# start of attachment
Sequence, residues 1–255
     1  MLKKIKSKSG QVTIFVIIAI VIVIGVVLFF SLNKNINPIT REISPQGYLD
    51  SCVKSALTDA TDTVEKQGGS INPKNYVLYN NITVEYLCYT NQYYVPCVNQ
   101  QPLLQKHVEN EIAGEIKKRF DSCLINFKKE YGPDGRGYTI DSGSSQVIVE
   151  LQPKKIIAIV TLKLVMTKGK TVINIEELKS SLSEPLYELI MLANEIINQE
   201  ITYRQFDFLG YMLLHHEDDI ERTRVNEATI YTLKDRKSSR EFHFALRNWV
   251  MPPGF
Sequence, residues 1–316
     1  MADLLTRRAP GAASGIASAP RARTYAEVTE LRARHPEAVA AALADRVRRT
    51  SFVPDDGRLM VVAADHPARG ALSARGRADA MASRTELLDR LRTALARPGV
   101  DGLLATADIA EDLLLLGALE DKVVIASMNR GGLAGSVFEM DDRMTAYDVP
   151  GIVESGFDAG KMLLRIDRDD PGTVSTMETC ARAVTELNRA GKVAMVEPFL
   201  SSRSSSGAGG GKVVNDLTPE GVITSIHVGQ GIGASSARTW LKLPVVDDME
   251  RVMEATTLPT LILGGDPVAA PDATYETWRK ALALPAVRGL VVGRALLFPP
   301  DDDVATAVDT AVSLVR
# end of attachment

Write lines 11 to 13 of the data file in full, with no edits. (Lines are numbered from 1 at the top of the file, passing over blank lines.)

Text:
   101  DGLLATADIA EDLLLLGALE DKVVIASMNR GGLAGSVFEM DDRMTAYDVP
   151  GIVESGFDAG KMLLRIDRDD PGTVSTMETC ARAVTELNRA GKVAMVEPFL
   201  SSRSSSGAGG GKVVNDLTPE GVITSIHVGQ GIGASSARTW LKLPVVDDME